The findings of the scientists of the Institute of Diabetes and Regeneration Research (IDR) at Helmholtz Zentrum München (HMGU) provide new insights into the molecular regulation of stem cell differentiation. These results reveal important target structures for regenerative therapy approaches to chronic diseases such as diabetes.
During embryonic development, organ-specific cell types are formed from pluripotent stem cells, which can differentiate into all cell types of the human body. The pluripotent cells of the embryo organize themselves at an early stage in germ layers: the endoderm, mesoderm and ectoderm. From these three cell populations different functional tissue cells arise, such as skin cells, muscle cells, and specific organ cells.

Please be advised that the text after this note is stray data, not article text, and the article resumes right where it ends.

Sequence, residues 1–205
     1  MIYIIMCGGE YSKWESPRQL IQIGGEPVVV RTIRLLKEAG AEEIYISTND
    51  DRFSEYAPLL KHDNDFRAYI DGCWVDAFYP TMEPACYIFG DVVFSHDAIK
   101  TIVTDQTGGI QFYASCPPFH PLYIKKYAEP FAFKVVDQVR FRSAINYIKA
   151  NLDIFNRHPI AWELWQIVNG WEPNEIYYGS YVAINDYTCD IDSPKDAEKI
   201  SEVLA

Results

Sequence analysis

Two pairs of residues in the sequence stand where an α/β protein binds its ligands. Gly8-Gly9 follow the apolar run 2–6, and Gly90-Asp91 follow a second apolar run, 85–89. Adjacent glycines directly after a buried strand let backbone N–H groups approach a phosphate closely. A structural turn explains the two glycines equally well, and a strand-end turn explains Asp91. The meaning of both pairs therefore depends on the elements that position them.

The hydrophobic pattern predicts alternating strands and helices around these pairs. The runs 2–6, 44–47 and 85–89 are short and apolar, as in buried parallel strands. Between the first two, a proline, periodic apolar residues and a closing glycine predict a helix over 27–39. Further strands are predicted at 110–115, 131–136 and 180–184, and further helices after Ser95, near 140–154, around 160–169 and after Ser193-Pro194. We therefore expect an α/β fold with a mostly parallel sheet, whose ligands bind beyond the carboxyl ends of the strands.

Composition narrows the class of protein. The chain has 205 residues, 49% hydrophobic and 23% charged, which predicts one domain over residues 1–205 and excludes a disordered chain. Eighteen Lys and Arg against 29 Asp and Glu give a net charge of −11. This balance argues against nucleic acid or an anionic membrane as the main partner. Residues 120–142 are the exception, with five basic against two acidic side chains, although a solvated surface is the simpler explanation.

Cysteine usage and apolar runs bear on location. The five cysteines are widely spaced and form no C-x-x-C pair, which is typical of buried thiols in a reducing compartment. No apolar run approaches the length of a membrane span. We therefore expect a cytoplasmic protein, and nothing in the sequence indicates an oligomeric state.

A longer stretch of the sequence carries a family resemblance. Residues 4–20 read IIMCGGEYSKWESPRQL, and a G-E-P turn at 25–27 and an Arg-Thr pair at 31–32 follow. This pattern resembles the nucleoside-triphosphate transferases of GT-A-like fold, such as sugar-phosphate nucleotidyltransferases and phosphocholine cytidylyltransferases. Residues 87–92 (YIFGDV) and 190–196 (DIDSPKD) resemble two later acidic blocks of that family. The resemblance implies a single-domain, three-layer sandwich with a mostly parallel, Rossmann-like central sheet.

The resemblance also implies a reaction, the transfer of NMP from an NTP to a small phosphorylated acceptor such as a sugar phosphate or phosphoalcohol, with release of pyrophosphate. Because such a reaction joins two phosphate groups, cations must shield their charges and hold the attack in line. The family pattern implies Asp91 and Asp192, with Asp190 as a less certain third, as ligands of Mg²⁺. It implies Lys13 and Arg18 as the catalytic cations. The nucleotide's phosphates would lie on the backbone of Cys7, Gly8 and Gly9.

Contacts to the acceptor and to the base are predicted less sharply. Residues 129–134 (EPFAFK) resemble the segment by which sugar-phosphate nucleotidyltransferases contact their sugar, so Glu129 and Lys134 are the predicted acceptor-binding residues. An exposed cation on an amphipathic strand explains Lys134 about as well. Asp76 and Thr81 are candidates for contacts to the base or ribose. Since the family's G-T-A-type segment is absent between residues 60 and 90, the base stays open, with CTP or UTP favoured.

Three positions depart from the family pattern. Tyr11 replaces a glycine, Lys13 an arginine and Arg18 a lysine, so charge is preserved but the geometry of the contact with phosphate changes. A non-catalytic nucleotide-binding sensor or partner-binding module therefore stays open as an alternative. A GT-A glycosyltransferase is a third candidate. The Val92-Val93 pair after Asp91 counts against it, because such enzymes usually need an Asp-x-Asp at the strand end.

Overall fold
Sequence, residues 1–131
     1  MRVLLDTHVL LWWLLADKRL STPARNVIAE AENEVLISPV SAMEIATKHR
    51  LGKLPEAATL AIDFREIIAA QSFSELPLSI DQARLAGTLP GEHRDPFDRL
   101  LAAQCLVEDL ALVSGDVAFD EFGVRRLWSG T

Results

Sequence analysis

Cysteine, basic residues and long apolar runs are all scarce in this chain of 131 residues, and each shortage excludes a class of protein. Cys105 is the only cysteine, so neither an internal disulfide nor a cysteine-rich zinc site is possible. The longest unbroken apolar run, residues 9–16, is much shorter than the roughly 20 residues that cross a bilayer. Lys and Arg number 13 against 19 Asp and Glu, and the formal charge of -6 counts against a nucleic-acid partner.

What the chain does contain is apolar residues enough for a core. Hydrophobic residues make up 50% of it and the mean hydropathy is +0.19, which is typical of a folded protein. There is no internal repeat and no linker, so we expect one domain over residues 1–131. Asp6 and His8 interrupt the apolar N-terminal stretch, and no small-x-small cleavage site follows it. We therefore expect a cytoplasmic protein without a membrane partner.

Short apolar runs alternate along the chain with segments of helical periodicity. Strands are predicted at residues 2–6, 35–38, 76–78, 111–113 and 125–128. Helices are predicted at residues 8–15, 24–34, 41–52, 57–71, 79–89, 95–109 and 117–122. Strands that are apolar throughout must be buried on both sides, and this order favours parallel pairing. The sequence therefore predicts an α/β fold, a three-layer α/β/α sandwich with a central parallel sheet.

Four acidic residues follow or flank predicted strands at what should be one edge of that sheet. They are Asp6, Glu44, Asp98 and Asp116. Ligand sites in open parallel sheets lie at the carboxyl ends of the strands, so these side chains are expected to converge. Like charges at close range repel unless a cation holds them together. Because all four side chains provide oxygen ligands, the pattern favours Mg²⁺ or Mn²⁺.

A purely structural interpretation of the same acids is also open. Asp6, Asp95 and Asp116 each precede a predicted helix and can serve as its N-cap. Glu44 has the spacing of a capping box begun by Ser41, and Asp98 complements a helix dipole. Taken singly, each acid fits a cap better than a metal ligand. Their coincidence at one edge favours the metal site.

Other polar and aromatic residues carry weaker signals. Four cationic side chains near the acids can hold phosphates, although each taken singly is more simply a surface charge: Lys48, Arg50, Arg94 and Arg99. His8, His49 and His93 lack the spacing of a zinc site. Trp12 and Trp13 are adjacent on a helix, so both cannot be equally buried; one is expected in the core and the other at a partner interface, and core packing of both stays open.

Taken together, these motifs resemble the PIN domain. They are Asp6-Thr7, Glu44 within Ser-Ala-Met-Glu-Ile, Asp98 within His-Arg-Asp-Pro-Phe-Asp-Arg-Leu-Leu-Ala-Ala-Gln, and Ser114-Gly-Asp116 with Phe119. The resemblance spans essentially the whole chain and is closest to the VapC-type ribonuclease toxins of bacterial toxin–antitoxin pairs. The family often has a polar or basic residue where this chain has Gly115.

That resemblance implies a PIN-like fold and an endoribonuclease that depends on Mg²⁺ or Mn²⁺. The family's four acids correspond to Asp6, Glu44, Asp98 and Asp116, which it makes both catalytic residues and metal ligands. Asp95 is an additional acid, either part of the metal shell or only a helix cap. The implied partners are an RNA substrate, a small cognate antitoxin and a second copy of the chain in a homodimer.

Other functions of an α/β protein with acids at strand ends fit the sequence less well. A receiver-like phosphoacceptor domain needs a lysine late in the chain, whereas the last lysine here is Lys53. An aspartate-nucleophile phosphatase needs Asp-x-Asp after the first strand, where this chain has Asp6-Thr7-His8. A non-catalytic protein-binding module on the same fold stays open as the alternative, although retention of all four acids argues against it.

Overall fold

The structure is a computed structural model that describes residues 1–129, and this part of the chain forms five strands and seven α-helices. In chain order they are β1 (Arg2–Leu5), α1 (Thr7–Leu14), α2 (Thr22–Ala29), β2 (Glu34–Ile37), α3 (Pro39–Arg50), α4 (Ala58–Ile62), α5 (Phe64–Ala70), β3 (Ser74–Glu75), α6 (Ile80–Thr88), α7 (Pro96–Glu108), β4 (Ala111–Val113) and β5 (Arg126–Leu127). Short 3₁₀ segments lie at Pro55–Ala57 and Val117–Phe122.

Various signaling pathways are important for this germ layer organization, including the Wnt/β-catenin signaling pathway. The cells of the pancreas, such as the beta cells, originate from the endoderm, the germ layer from which the gastrointestinal tract, the liver and the lungs also arise. Professor Heiko Lickert, director of the IDR, in collaboration with Professor Gunnar Schotta of LMU München, showed that the Wnt/β-catenin signaling pathway regulates Sox17, which in turn regulates molecular programs that assign pluripotent cells to the endoderm, thus inducing an initial differentiation of the stem cells.